In the previous article, we gave an insight into the company's business and how it has evolved since inception. In this article, we shall profile the cement sector and JK Cement's standing within the industry by applying the Michael Porter's analysis.
Entry barriers: Medium.
Cement manufacturing is a capital-intensive business requiring large infusion of capital for its set up. To put things in perspective, to set up a cement plant, Rs 3,500 per tonne of investment is required. Thus, high capital investment in itself is a big deterrent or entry barrier. Moreover, huge distribution network is required to ensure timely availability of the product and nowadays, captive power has become a necessity to ensure smooth functioning. Thus, setting up power plants for captive purposes indirectly calls for the availability or coal linkages issue, which may also act as a hindrance. Access to limestone reserves (principal raw material for the manufacture of cement) also acts as a significant entry barrier. The sector operates with a high level of fixed cost (maintenance cost is around US$ 5 per tonne annually) and therefore volume growth is critical.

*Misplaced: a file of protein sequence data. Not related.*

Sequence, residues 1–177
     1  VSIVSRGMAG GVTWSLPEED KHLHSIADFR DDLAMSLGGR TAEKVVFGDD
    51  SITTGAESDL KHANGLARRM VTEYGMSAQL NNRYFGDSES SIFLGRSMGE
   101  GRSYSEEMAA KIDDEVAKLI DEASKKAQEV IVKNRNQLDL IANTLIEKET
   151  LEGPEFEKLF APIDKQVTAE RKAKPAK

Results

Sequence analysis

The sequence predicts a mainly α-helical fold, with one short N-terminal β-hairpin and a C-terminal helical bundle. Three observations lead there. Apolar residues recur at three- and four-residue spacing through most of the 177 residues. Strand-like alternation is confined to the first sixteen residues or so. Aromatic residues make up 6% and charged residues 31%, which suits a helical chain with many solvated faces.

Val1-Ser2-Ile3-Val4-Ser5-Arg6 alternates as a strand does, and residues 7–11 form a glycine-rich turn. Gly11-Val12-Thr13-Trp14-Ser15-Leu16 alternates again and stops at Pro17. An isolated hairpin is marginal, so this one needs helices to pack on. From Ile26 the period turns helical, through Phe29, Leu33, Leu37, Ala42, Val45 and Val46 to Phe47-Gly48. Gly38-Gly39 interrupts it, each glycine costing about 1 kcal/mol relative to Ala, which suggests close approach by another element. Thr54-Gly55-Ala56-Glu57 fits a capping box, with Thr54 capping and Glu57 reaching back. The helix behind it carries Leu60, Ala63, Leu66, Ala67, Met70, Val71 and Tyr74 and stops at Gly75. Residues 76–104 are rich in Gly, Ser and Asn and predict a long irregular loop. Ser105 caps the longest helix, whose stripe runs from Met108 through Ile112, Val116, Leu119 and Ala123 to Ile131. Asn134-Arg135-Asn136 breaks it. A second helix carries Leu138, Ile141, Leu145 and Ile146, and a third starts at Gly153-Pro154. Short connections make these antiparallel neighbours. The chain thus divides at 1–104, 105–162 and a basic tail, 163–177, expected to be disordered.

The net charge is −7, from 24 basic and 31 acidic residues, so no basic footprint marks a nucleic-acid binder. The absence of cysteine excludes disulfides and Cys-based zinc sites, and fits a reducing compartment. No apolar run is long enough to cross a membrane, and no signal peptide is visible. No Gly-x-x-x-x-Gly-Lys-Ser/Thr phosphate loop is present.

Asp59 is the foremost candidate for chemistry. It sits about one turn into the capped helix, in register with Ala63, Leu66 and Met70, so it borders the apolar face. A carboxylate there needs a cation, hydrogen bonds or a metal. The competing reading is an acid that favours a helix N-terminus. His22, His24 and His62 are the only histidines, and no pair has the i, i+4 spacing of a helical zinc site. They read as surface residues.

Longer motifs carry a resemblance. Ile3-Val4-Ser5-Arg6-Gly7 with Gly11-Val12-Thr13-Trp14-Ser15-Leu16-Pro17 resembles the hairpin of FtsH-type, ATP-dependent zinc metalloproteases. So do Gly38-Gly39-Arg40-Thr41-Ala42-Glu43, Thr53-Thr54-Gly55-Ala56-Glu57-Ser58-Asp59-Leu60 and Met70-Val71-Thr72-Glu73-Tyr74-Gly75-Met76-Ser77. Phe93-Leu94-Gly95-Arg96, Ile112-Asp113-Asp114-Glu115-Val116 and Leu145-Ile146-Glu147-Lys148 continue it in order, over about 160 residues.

Thus, fixed cost and capital-intensive nature of the industry and the need for a big distribution network are the real entry barriers. Recently, backward integration among non-cement manufacturers has also gathered pace. For backward integration, there exists two reasons- one being use of slag (slag is a waste material of steel manufacturing companies used in cement manufacturing) and the second to cash on the tight demand supply situation.
Intensity of rivalry: Medium to high.
Apart from capital-intensive nature of the industry, access to raw materials (limestone and coal) and end user markets are equally important factors from a long-term perspective. That way, JK Cement's presence in northern region is justified. By being in north, it has access to key raw material – limestone. Primary input such as limestone availability has led to cluster formation, which has resulted in competition on a regional basis. However, with the advent of split grinding units and RMC (ready mix concrete) concept, catering to nearby regional demand has become easy. Further, the infrastructural activities planned by the government have created heightened demand for cement. Owing to these factors, players have started venturing into newer regions to create a pan India presence.
Thus, in such markets strong distribution network is a must. Nowadays, to differentiate their product, companies have started brand building exercise. JK Cement's brands- JK white cement, JK water proof and JK wall putty are well recognised in the northern region and it being one of the largest manufacturers of the white cement in India, its enjoys high brand recall and has emerged as a preferred choice of retailers as well as institutions and other companies who make bulk purchases for their ongoing projects.
Availability of substitutes: Low